“Winding in and winding out, leaves my mind in serious doubt, as to whether the lout who built this route, was going to hell or coming out.” SGT Troy Hise, military construction, Alaska Highway
Traveling from Teslin to Whitehorse on Hwy 1 brought to mind how an ice cube might feel as it traverses its way to becoming a daiquiri. Freezing rain, hail, road construction, and washboards were our dear friends on this stretch of the road. Beautiful as it was, the washboards were bone jarring. About 10 miles out of Whitehorse, the road became smooth and magnificent and we rolled into town in style…perhaps with the remaining undercarriage nuts and bolts hanging on for dear life.
Whitehorse!!! Just the name conjures up visions of those hordes of miners stampeding their way “North” with hopes of easy fortunes. It was anything but easy with more than half overwhelmed by the rigors of the trail and of those who stayed, only a handful struck it rich. A handful…that was all it took for those tough enough to stake a claim, melt the permafrost as they burrowed deep into the ground to find those ounces of treasure that might change their lives. The real winners were the merchants, freighters, barkeeps, and “Goodtime Girls.” “Guys, if you’re not ready, don’t stand in line!” (Good Time Girls of the Alaska-Yukon Gold Rush). History abounds, and there is ample opportunity to immerse into Whitehorse’s colorful past by visiting its great museums and exhibits. We visited the MacBride Museum, the Yukon Beringia Interpretive Center, Sam McGee’s original cabin, and learned a bit more about the authors Jack London and Robert Service’s stay in Whitehorse…” There are strange things done in the midnight sun by men who moil for gold; the artic trails have their secret tales that would make your blood run cold…”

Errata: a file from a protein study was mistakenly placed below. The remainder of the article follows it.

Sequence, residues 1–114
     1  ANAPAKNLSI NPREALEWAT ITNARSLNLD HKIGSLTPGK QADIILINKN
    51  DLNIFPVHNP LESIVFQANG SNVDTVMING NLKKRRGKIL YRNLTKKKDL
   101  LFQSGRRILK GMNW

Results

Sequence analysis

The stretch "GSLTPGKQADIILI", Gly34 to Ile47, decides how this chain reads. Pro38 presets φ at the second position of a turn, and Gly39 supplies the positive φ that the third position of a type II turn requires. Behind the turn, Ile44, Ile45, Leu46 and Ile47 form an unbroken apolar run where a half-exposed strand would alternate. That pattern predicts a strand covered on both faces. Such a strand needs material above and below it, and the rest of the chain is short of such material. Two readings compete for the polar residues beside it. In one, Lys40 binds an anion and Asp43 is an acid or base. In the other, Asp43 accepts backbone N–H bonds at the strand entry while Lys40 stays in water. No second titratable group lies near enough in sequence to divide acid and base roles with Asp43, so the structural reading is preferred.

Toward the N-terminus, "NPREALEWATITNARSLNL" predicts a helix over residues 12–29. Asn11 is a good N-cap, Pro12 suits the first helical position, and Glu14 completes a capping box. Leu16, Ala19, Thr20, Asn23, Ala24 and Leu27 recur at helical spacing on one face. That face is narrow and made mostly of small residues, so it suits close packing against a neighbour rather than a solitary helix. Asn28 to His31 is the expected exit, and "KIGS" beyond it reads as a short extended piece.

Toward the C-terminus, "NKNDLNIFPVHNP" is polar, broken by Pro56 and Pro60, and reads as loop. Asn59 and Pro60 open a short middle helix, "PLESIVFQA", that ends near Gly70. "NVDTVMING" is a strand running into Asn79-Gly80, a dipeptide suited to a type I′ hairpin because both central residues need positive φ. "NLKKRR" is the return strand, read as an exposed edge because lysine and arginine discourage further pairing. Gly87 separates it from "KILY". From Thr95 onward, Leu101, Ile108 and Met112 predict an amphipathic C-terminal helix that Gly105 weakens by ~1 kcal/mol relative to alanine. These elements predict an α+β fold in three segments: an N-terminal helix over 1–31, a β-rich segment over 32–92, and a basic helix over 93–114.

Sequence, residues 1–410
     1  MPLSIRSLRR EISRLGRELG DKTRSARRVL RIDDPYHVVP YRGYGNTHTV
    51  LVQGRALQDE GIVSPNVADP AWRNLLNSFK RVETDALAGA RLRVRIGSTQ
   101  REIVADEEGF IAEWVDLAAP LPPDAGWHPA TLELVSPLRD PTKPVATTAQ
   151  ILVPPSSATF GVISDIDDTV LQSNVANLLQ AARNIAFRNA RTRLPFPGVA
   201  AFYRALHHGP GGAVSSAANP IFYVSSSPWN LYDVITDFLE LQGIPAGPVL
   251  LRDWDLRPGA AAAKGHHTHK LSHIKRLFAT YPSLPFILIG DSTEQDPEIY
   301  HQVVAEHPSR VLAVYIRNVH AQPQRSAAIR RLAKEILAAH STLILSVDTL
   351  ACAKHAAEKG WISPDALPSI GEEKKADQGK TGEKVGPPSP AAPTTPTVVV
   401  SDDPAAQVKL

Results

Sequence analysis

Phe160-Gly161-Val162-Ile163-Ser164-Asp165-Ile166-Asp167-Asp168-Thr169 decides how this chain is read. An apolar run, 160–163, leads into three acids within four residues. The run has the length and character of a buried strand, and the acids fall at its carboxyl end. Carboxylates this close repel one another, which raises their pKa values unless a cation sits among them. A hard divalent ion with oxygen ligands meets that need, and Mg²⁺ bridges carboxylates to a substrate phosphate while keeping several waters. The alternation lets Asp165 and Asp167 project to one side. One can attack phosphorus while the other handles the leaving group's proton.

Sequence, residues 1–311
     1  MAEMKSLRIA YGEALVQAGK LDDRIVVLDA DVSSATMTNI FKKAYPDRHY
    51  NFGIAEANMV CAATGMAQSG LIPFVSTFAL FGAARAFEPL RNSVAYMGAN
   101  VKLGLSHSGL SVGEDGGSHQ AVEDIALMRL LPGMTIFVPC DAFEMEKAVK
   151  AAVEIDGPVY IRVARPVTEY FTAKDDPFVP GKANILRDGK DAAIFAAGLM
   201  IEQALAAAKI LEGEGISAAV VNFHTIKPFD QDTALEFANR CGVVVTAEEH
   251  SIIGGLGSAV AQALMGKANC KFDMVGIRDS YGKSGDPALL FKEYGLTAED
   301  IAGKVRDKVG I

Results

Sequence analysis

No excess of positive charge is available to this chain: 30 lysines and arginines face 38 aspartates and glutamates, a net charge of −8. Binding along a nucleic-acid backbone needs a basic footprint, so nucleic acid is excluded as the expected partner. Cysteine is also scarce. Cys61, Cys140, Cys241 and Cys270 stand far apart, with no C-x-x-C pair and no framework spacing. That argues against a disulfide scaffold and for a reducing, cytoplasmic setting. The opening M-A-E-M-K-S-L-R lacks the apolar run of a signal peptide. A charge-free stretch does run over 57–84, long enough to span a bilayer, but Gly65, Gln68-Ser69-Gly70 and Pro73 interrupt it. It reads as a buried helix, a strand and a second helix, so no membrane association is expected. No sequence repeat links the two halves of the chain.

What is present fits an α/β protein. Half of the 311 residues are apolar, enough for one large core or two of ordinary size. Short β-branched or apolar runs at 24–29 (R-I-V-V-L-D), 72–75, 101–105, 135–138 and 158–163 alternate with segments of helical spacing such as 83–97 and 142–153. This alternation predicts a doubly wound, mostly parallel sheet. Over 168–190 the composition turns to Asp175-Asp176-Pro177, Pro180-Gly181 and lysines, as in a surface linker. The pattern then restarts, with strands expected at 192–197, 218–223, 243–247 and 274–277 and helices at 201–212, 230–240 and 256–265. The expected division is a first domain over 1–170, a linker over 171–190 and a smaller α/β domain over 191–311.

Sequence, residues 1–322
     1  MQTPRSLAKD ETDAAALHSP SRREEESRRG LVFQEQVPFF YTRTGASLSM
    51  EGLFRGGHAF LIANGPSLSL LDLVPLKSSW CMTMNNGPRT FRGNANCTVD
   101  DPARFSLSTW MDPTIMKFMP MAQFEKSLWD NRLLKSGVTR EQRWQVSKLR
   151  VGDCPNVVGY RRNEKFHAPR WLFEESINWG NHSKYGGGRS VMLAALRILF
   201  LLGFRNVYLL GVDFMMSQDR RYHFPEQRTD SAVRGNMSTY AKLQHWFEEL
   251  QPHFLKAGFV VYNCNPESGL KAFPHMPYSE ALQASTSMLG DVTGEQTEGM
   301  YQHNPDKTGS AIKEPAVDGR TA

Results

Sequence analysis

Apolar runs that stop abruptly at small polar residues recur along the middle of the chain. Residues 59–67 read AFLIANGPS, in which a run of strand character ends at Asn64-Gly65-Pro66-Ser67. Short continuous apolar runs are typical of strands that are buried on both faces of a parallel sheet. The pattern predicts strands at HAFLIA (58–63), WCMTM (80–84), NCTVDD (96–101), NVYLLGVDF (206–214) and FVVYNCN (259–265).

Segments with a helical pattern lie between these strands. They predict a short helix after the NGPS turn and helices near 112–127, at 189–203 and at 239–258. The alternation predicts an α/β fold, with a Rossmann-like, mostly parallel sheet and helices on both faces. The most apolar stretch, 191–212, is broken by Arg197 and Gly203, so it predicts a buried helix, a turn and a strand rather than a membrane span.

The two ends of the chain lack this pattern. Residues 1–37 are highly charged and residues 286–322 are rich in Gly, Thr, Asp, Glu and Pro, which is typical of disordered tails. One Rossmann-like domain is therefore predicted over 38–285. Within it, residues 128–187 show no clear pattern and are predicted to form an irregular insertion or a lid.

|Sam McGee's Cabin|
Whitehorse, capital of the Yukon Territories, has a rich and colorful history. Sporting just over 27,000 residents, it is the largest city in the Yukon. After weeks of traveling through the remoteness of the north, arriving in Whitehorse left us wide-eyed and hungry for the comforts that it offered. Feasting on fine cuisine, shopping in fully stocked grocery stores, and visiting great museums was a real treat that enticed us to stay for several days. It was here that several of the local residents that we met strongly suggested that we “DO NOT BYPASS DAWSON!” Due to bad roads, this side trip entails more than 100 miles of backtracking. Even so, armed with a new Yukon 6-day fishing license, it is off we go to see what there is to see in Dawson City.
|Focus is on the Land Bridge, how and why man and animals crossed over to N. America|
|Beringia Display - Giant Beaver once roamed N. America|
|Beringia Display - As did the Woolly Mammoth|